After four months of lockdown, no rugby and no revenue, there’s an understandable impatience to get things going again.
This week, Scotland’s pro players returned to their natural habitats, and were finally allowed to speak to the media again. From early chats, it’s clear that the longest lay-off any of them can remember since schooldays has been actually beneficial.
Rugby’s a hard, physical, gruelling game, even for fancy dan backs. At the height of each season, the player who isn’t dealing week-to-week with some sort of niggle is a rare one, and also very lucky.
Last season Scotland hooker Stuart McInally got an extra six-week break inbetween the end of the Rugby World Cup and re-starting domestic rugby, rightly so as he’d had only a brief break from one season to the next playing in one of the game’s real coal-face positions.
Even then, the Edinburgh captain eventually reported for Scotland Six Nations duty in January with a shoulder issue and a rib injury – not serious enough to have him stand down, but enough that he knew about it every time he took a hit.
Lockdown, he told us this week, had finally given him the time to rest his body and get back to full health. The same was true of almost every one of his Edinburgh and Scotland team-mates, he said; one aspect of the “voluntary sessions” to restart training was that everyone was there, somewhat of a rare occurrence.
Had there been no pandemic, the leading Scots players would have finished the Six Nations, concluded the PRO14 season (with both pro teams in the play-offs, most likely) and then had a fortnight or so off before Gregor Townsend summoned them together prior to a three-week trip to South Africa and New Zealand playing the world champion Springboks twice and the All Blacks away for the first time since 2000.
Then they’d come back from that almost straight into their club pre-season. That extra break in October for McInally would just about be his only respite in the best part of two full seasons.
A prominent player like McInally is well looked after in Scotland, with it prescribed that he only ever starts a handful of games in succession. Edinburgh and Glasgow both have big squads to allow as much rotation as possible.
But burnout and player welfare continues to be an issue in Scotland and especially elsewhere. The demands on English and French club players at times seem almost intolerable.
Anthony Watson, the Bath, England and Lions wing, suggested recently that the optimum number of games for a pro player to function at his best in a season was something in the region of 20. The international Scots all play roughly 30 a season, and they’ll be looking at five more if they play for a leading club in England or France.
So lockdown has given players more time off than they’ve ever had. However, there’s every sign that once we’re up and running again, the demands on them will more than make up for this.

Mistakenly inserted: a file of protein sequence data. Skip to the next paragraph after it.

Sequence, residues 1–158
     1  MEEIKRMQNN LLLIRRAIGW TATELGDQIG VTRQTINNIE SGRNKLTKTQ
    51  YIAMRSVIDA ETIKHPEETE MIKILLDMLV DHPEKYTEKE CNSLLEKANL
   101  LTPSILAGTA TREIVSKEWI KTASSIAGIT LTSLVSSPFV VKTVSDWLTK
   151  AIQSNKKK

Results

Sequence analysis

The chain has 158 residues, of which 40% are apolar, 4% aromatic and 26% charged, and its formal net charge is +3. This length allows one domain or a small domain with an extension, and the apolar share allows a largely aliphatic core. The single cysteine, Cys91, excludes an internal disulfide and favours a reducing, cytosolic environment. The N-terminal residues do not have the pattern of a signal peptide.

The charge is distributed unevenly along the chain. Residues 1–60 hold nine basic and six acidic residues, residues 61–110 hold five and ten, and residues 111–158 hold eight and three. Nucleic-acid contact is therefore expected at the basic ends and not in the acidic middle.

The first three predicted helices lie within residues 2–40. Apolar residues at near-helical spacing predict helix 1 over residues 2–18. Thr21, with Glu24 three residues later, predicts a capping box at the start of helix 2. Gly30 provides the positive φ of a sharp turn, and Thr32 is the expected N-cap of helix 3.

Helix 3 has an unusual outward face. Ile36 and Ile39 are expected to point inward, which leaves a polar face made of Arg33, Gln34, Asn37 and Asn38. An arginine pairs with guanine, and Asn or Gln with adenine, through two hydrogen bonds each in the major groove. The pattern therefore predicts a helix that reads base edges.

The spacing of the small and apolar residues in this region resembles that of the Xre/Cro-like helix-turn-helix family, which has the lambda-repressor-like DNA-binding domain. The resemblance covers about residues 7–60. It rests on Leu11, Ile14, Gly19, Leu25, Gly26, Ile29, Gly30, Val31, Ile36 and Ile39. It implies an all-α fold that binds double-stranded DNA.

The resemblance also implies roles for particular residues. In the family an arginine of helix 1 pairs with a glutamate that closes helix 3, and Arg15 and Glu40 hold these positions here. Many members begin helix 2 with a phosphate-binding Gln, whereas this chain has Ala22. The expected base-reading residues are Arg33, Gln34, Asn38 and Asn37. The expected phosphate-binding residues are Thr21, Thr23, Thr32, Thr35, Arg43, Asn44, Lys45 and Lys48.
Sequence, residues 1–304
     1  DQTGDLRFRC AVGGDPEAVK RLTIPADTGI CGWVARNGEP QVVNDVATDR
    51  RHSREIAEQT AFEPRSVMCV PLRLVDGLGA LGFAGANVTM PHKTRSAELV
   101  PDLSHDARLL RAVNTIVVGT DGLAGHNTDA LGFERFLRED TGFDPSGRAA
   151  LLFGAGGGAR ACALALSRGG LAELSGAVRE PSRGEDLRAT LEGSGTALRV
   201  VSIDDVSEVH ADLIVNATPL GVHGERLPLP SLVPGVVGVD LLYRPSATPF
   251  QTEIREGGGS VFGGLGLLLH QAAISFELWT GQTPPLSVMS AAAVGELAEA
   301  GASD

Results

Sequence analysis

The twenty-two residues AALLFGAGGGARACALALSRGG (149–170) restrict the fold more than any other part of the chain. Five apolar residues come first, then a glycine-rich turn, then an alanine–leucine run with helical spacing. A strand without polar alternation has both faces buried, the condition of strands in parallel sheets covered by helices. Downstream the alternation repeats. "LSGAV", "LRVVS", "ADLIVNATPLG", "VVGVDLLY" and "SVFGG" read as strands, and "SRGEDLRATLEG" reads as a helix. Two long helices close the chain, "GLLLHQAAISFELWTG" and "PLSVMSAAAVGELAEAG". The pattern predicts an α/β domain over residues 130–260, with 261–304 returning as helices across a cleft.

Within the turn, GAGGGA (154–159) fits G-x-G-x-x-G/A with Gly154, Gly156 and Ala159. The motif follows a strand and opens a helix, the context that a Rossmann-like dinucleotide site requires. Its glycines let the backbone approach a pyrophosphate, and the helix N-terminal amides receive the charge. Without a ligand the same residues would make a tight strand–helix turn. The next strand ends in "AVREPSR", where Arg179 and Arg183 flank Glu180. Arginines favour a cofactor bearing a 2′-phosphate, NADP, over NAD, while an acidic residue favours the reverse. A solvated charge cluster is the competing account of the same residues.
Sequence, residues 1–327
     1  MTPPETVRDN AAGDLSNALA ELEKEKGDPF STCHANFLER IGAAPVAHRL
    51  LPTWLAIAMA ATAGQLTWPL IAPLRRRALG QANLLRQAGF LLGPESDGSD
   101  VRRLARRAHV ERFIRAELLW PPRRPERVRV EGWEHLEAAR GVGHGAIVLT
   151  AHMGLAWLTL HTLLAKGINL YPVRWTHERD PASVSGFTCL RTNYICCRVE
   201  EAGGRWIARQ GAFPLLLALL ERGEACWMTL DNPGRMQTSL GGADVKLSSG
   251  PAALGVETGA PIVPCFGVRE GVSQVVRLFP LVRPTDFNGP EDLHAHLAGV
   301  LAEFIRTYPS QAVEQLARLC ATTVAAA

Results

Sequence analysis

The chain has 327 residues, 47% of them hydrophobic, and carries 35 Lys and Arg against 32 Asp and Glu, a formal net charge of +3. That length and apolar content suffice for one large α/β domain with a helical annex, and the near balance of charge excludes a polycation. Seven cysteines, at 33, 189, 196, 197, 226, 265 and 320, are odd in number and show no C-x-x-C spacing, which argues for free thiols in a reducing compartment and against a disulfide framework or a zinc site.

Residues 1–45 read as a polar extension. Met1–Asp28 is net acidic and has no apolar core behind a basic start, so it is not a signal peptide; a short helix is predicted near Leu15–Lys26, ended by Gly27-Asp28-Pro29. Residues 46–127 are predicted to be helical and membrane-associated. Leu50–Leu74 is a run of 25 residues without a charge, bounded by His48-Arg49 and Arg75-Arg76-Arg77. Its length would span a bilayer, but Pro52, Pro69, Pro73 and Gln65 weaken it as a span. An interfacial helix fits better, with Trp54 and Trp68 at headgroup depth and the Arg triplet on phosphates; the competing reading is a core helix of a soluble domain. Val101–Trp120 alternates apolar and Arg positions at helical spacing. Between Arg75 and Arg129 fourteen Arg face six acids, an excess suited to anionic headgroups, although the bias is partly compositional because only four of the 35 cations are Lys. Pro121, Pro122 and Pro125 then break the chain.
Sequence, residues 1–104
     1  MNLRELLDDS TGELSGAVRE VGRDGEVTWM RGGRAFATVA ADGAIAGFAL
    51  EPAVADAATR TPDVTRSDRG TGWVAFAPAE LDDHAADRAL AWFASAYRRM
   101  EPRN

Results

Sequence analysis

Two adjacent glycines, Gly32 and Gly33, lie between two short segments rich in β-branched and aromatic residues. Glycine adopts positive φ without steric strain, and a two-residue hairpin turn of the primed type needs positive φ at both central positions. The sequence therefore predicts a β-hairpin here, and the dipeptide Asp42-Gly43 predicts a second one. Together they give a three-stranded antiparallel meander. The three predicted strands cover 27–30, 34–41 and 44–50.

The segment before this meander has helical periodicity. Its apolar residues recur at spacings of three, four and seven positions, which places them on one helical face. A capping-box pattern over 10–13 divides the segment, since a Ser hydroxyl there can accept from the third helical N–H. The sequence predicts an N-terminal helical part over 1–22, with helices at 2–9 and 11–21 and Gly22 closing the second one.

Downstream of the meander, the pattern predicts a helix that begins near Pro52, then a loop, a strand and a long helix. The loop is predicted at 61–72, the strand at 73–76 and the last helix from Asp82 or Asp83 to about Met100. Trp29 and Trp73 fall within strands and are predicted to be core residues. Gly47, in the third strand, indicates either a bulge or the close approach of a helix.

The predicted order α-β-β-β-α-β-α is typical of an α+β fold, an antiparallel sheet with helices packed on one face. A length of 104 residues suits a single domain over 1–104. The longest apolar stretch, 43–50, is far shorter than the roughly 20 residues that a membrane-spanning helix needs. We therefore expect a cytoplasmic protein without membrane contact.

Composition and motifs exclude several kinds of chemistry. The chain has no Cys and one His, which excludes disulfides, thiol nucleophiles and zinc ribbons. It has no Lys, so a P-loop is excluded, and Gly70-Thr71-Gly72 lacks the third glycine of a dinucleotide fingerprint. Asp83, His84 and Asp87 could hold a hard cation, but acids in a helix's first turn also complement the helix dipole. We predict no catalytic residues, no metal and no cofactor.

No rugby has meant no revenue, and every union in the world is feeling the pinch. As a result, we have presented this week an international programme for an extended Autumn series designed to placate broadcasters and – hopefully – fill the seats of our national stadiums.
Scotland will play a warm-up game against Georgia, then the postponed Six Nations match against Wales, before playing France, Japan and Italy on successive weeks. If successful in those games, they might play two more on the end of it.
Before that, they’ll have polished off the last PRO14 season and started a new one. And on return from the autumn, it’s back into domestic and European rugby, followed by the Six Nations in the spring.
26 games in 27 weeks is the schedule that some English players are facing. There should be some rotation involved in that, but with club demands there’s no guarantee.
Remember also that the players will be asked to play more for less money at least until the game gets back on its financial feet again. Wouldn’t sound too appealing if it were you, does it?
McInally speaking this week was diplomatic. “Our jobs rely on the revenue coming in, and we have had a brilliant three months off,” he said.
“Maybe it is time to knuckle down and find ourselves playing a bit more this year. That might just be the way of it.
“I can see both sides. As a player the last thing you want to do is burn yourself out and risk more injuries.”
At Edinburgh, he stated, players were encouraged to take owenrship and speak up if they feel “roughed up”. Despite outward appearances, Richard Cockerill knows the importance of rest and imposes it on his leading players.
But what happens in Scotland – and Ireland, where player rest seems paramount – is not mirrored elsewhere.
The players have had a welcome and overdue break. The fear is that their welfare will now become secondary to the desperation to make up the lockdown shortfalls. It definitely shouldn’t.